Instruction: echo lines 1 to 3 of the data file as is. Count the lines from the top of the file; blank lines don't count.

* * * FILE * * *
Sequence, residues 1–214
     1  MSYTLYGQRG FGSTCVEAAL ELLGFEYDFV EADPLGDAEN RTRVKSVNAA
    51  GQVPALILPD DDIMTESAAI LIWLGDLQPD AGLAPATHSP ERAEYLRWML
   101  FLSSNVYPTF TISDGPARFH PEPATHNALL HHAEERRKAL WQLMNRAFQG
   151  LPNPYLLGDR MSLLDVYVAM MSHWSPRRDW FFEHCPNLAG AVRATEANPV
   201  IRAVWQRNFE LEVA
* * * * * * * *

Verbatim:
Sequence, residues 1–214
     1  MSYTLYGQRG FGSTCVEAAL ELLGFEYDFV EADPLGDAEN RTRVKSVNAA
    51  GQVPALILPD DDIMTESAAI LIWLGDLQPD AGLAPATHSP ERAEYLRWML